One of the things I like least about programming in Windows is the command prompt. I don’t know if it’s navigation is just bad or just too different from the Linux terminals that I am used to but I can’t stand using it. The PowerShell is definitely better, but I would rather just have a unified terminal across my systems not to mentions some of the useful command line applications that are standard with Linux. And Bash is the winner for me.
I have been using Cygwin on my Windows machines for quite a while now but mostly only for Linux command line programs (ls, ls, ls,…) and it wasn’t until recently that I thought about running a bash terminal through Cygwin. When you first install Cygwin you will probably get a shortcut on your desktop or start menu for the “Cygwin Terminal” (if not then see Creating a Cygwin Terminal Shortcut) and if you open it you’ll get something like this:
When I first saw this I immediately dismissed it because it was, well, ugly. However, if you type the
help command into this terminal, you will see the following message:
This terminal is running Bash! Problem solved, end of post right? Well it’s still not quite the way I want it for a couple of reasons:
- By default, the terminal will start in the ‘C:\cygwin64\home\user’ directory (or wherever you installed Cygwin) or it might be the ‘/cygdrive/c/WINDOWS/system32’ directory
- It’s still ugly!
Thankfully, both of these can be fixed easily. I’ll start with the second problem.
Problem 1 – Starting Directory
Problem #1 is annoying for me because I want my terminal to act like Bash terminal but run over my regular Windows files. Therefore, I don’t want to have to migrate all of my files from ‘C:\Users\user’ to the Cygwin directories; I just want it to open in my Windows user directory. So, if you’re like me and you want to do this, just follow these steps:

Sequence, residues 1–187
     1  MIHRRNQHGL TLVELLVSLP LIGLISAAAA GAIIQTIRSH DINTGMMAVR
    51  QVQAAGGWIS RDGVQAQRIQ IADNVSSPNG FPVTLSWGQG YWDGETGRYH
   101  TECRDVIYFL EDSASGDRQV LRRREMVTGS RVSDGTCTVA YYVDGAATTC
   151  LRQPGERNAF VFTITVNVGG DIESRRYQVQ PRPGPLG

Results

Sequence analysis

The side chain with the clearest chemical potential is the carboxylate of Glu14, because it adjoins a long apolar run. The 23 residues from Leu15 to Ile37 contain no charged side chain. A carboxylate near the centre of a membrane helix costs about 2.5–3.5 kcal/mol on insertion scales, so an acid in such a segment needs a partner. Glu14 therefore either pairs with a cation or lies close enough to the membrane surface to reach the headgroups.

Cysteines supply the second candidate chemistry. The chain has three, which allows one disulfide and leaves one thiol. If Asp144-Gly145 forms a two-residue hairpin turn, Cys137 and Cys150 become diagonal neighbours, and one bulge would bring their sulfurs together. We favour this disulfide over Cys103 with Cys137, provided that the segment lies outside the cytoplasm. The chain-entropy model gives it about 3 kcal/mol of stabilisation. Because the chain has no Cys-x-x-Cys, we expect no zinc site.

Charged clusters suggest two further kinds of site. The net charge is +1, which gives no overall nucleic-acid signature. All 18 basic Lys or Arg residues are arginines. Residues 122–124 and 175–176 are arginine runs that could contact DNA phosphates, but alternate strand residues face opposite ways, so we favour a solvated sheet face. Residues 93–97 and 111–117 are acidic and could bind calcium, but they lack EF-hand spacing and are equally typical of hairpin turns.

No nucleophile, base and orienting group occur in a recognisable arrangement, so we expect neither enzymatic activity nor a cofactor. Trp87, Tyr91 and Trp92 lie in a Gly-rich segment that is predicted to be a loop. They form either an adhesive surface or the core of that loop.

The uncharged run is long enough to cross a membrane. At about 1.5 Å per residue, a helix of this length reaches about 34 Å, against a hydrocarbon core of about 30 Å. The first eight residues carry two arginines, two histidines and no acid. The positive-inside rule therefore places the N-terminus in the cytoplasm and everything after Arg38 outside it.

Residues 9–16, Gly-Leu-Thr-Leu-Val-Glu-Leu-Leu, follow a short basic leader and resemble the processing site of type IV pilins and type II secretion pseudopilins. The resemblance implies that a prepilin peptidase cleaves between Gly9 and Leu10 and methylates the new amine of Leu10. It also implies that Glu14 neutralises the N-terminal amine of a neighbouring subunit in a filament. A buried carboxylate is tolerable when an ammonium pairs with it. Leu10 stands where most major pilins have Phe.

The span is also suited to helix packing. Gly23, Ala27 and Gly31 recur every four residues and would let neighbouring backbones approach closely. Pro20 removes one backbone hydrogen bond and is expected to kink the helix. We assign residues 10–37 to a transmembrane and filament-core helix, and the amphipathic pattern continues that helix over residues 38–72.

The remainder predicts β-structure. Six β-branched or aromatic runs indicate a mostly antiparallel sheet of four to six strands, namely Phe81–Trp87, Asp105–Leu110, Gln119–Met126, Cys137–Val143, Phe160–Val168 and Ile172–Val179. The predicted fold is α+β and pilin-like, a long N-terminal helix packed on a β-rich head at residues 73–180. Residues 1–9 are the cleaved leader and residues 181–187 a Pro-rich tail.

- Open the Cygwin terminal as described above. Make sure it is the Cygwin terminal and not the Windows command prompt.
- Navigate to the ‘/home’ directory.
- You may or may not have a user directory in the home directory. If you do, move all of the ‘.*’ files to your Windows user directory and then delete the user directory in ‘/home’.
- Create a symlink to your Windows user directory in ‘/home’ by executing the following command:
ln -s /cygdrive/c/Users/userwhere ‘user’ is your Windows username.
- If step #3 above did not apply to you, create a .bashrc file in your Windows user directory and edit it. If it did apply to you, then you can just edit the existing .bashrc file.
- Add the line
cd /home/userwhere user is the same username you used in step #4.
- Add the line
Now whenever you open the Cygwin terminal it will place you in your Windows user directory.
Problem 2 – Bash with Style
So the default Bash style through Cygwin is pretty ugly. This style is controlled through the .bashrc file that you should be able to find in your Linux home directory. The default Cygwin home directories also come with a .bashrc file but it is mostly empty. If you already do some custom .bashrc modifications to your Linux machines then you can go ahead and copy them to your Windows machine and you’re all set. If not, then I would recommend copying the default .bashrc file from your favorite Linux distribution. If you don’t have access to a Linux machine, then you can usually find a download for these files, such as for Ubuntu.
Once you have a .bashrc file with the styling that you like, you just need to place it in your home directory. If you followed the directions for Problem #1 above then this will be your Windows user directory. If not then it will be your Cygwin user directory which is located in the ‘C:\cygwin64\home’ directory (or wherever you installed Cygwin).
Now all of your terminals will have the style of your choosing.
Cygwin uses a terminal emulator called MinTTY. You can find this program in the bin folder of your Cygwin installation, which by default is located at ‘C:\cygwin64\bin’. So all you have to do is create a shortcut to mintty.exe.